Stay tuned because afterwards, there’s another chance to see More Dangerous Songs: And the Banned Played On, and Britain’s Most Dangerous Songs: Listen to the Banned.
It’s been such a short space of time since the last run of the ever-popular chat show that it hardly feels as if it’s been away.
Not that we’re complaining – Friday nights just don’t feel the same without Graham Norton’s programme to entertain us.
The only problem is, its broadcast time clashes with that of Alan Carr’s show over on Channel 4 – so who will celebrity-loving viewers choose to tune into? No doubt it will be the guests who swing it, so those in charge of booking famous faces for their bosses to talk to will probably be feeling the pressure about now.
Will Graham follow Alan’s lead by having a Grand National special, or will he plough his own furrow? Only time will tell, but one thing we can be assured of is an entertaining and hilarious 50 minutes of celebrity-packed fun.
The sheriff of a quiet little town investigates a series of unexpected murders, trying to work out what could have driven seemingly normal, well-adjusted people to kill.
He discovers that a toxic chemical has turned many of the residents into bloodthirsty maniacs, leaving those unaffected battling for survival.
While George Romero did a fine job with the original, director Breck Eisner helped turn this into one of the most engaging horror thrillers of recent years.
Timothy Olyphant, perhaps best remembered as the villain in Die Hard 4.0, is a solid leading man, while the always watchable Radha Mitchell lends a necessary degree of gravitas to the proceedings.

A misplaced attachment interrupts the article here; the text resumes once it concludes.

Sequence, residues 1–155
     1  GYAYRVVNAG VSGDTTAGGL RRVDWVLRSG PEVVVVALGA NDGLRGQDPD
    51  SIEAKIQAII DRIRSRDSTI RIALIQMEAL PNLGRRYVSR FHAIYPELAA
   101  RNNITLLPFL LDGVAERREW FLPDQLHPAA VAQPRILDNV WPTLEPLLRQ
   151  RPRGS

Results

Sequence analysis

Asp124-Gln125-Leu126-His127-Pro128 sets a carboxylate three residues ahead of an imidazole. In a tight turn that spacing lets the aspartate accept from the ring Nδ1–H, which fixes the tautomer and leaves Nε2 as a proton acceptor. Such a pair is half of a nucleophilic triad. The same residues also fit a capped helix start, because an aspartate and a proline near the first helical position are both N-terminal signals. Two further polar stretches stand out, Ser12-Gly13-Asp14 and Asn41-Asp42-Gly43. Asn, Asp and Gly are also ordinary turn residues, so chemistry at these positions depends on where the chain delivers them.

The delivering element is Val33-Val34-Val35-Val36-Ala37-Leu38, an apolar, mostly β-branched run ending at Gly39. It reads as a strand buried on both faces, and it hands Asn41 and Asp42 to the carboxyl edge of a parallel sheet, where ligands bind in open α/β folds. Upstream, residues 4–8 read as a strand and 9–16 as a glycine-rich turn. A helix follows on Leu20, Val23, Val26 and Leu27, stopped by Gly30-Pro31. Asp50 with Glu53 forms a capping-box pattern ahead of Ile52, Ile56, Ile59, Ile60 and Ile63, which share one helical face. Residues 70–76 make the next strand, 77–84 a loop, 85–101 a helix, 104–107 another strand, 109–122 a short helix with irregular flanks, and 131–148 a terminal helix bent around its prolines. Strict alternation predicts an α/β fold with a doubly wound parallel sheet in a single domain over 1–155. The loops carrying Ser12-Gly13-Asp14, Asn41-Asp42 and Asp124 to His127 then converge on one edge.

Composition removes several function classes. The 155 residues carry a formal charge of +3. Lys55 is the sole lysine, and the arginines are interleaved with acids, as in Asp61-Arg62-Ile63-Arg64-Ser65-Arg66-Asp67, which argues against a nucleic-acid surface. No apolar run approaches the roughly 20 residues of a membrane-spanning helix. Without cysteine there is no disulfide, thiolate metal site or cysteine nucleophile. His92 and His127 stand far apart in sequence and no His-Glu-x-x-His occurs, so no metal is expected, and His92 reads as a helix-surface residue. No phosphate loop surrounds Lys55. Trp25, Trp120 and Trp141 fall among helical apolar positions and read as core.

Timothy Olyphant, Radha Mitchell, Joe Anderson, Danielle Panabaker
Set in 1930s Shanghai, it stars Ralph Fiennes as a former American diplomat who is trying to come to terms with blindness.
He finds some comfort in his relationship with an exiled Russian countess (Natasha Richardson), who has been reduced to acting as hostess in a club – and it’s hinted she may be selling more than drinks and dances.
However, with the Japanese about to invade and the world on the brink of war, it’s clear the lovers can’t escape reality forever...
It may be a little too polite for some tastes, but for those who like their dramas to be subtle, classy and impeccably acted, there’s much to enjoy.
Ralph Fiennes, Natasha Richardson, Vanessa Redgrave, Hiroyuki Sanada
Director Isao Takahata’s animated drama follows two Japanese children whose mother is killed in a firebombing raid on Kobe.
Their father is fighting overseas, so with nowhere else to turn they must move in with a distant aunt – however she is stern and strict, and openly resentful about having to feed them, so the pair run away.
Unfortunately, they are unprepared for the rigours of having to fend for themselves, and it’s not long before they’re worse off than ever.
This film is extraordinarily good, regularly topping polls of best animated films and best war films – definitely a must-see. However, be warned: this is a devastatingly sad movie.
It’s from Japanese animation powerhouse Studio Ghibli, who are usually responsible for magical fantasies (and, more often than not, happy endings), so this is a break from the norm.
However, it’s every bit as beautifully drawn as the studio’s other works, and it perfectly depicts the world as seen through a child’s eyes in typical Ghibli style.
Tsutomu Tatsumi, Ayano Shiraishi, Yoshiko Shinohara, Akemi Yamaguchi